Orthodox Bishop Hilarion Alfeyev: "To be a theologian means to have experience of a personal encounter with God through prayer and worship."

Posts 103
Lonnie Ritchie | Forum Activity | Replied: Tue, Apr 19 2011 1:36 PM

Carey has the most logical explanation of the phrase "three days and three nights."  The crucifixion was on Friday and the Resurrection on Sunday, which constitutes in Jewish thought "three days and three nights."

Lonnie

Posts 759
Tobias Lampert | Forum Activity | Replied: Tue, Apr 19 2011 2:42 PM

MJ. Smith:

If someone wants the definitive Logos word on the inclusion/exclusion of the Mishnah in the Talmuds for the Logos resource, it was posted in the forums when the collection first came up. I think that the Mishnah is included in the sense of quotations being commented on but not in the sense of a single continuous text.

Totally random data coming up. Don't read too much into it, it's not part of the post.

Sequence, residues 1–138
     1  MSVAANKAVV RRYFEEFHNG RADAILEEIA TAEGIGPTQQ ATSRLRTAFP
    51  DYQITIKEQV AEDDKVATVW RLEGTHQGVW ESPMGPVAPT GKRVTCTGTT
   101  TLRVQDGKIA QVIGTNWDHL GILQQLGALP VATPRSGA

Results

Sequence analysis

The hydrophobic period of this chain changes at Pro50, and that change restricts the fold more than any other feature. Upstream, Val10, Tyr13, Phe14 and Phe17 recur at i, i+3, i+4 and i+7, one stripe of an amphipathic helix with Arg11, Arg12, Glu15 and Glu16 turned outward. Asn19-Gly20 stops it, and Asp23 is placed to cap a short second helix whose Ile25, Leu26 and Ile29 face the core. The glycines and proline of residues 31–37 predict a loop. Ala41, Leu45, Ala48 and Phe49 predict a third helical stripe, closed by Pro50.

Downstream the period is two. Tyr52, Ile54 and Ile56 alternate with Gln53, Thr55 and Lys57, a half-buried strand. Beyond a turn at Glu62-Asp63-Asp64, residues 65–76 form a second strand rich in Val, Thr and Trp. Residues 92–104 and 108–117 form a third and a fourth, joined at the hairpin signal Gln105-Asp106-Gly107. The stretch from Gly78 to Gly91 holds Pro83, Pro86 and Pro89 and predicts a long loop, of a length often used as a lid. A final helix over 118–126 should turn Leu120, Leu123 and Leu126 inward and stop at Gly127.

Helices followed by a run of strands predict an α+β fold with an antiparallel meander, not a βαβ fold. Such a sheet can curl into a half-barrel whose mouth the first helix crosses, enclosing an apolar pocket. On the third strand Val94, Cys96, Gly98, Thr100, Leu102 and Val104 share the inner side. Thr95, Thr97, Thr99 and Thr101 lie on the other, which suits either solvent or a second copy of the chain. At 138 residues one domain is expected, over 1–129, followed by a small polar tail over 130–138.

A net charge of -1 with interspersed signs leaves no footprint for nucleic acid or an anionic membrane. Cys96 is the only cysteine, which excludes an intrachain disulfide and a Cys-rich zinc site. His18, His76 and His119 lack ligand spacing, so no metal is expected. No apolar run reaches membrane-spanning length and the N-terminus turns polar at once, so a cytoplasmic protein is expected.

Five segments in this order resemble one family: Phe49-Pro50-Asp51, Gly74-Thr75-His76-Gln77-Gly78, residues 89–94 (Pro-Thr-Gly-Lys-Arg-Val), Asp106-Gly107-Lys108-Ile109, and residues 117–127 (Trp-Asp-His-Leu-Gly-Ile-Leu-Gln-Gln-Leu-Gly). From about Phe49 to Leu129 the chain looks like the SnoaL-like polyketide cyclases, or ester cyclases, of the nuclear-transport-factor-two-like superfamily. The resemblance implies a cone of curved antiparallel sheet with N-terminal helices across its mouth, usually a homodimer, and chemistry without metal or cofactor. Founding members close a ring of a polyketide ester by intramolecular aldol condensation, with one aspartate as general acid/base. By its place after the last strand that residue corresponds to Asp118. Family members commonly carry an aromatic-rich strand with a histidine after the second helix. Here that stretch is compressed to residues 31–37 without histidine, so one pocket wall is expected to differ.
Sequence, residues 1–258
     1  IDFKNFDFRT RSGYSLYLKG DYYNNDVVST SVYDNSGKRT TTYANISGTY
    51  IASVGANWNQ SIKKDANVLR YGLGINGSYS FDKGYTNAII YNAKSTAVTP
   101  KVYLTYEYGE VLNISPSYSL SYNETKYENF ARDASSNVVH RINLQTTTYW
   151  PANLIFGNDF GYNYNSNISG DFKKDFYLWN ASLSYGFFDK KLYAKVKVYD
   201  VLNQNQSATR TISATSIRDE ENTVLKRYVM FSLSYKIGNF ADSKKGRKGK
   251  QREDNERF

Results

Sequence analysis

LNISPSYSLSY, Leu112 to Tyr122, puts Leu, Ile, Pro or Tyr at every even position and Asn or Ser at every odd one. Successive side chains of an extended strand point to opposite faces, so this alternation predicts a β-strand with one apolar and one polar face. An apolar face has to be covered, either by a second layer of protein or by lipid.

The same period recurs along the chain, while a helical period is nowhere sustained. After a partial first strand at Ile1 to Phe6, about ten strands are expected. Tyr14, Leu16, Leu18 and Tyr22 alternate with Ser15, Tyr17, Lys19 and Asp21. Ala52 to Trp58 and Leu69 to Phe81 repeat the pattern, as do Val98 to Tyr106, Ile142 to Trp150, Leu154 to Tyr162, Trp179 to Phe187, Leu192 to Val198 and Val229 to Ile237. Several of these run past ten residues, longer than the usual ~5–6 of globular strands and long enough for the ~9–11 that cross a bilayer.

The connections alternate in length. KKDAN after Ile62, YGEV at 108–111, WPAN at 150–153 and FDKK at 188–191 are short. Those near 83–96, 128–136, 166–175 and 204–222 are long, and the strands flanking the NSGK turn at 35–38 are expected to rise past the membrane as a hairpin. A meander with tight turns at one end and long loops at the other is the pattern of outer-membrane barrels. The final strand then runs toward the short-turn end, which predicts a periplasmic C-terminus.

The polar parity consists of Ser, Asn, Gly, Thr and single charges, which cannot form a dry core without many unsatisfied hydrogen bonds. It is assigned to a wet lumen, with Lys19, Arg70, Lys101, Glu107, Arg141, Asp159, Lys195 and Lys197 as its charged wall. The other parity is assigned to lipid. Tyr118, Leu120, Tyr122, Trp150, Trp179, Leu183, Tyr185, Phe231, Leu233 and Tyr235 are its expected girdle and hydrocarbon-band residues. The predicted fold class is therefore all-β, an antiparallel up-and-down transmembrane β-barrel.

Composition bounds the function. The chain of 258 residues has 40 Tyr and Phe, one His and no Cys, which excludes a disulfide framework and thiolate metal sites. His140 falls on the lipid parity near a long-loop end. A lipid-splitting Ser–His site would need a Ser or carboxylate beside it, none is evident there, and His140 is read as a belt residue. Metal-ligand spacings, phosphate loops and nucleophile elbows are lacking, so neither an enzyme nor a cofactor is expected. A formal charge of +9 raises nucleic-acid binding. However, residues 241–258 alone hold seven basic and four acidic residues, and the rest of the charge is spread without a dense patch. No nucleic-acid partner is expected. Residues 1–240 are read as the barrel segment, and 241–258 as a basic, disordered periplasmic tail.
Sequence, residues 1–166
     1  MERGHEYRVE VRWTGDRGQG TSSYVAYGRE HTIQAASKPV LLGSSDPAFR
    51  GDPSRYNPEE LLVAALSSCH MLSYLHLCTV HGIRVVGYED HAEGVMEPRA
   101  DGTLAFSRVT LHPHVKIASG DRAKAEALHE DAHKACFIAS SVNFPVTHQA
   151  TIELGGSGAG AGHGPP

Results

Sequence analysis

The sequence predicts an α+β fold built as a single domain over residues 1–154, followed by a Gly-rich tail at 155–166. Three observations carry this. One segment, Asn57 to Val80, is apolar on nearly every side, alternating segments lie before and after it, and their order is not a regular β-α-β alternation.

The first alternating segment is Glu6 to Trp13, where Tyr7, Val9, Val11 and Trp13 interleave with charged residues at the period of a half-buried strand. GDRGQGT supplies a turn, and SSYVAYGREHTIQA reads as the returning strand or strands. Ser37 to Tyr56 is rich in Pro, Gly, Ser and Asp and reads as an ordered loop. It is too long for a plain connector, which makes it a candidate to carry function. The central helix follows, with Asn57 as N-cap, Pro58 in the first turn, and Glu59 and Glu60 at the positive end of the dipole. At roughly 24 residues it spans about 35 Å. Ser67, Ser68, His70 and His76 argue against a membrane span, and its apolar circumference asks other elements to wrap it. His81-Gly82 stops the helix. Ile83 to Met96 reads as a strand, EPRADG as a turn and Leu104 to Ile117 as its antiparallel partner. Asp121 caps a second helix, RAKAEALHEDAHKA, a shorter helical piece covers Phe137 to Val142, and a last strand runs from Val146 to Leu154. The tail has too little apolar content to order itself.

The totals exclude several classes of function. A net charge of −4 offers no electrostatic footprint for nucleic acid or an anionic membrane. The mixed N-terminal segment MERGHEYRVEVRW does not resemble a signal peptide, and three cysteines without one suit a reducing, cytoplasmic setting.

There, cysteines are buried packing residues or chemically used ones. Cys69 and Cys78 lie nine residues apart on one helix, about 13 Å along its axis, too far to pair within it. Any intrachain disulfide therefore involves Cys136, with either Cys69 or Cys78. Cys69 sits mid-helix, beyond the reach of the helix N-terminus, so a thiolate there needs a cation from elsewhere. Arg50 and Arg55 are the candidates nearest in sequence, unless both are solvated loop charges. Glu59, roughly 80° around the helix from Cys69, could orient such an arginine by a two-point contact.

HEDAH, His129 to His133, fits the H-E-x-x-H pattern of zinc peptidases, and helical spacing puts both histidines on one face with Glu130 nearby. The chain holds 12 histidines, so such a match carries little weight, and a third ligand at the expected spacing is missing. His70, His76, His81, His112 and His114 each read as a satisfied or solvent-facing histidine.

One has to wonder why Logos has to post this in the forums (where half the people interested in this collection won't recognize it) in the first place, when it would be so much easier to just make a clear statement on the product's page ...

"Mach's wie Gott - werde Mensch!" | theolobias.de

Posts 2875
David Ames | Forum Activity | Replied: Thu, Apr 21 2011 7:54 AM

Gethsemane   [start throwing monkey wrench]  Define death please.

If you eat you will die – they ate - they died - but when did they die? (See Gen)

When they ate? (Spiritual death  Or when they stopped breathing hundreds of years later?

Most (all?) Christian churches teach that Jesus was without sin – [was He the only truly alive person on the planet at that time?] - Then at Gethsemane He took on all of our sins.  Was that the moment that He died or when He stopped breathing some 21 hours later?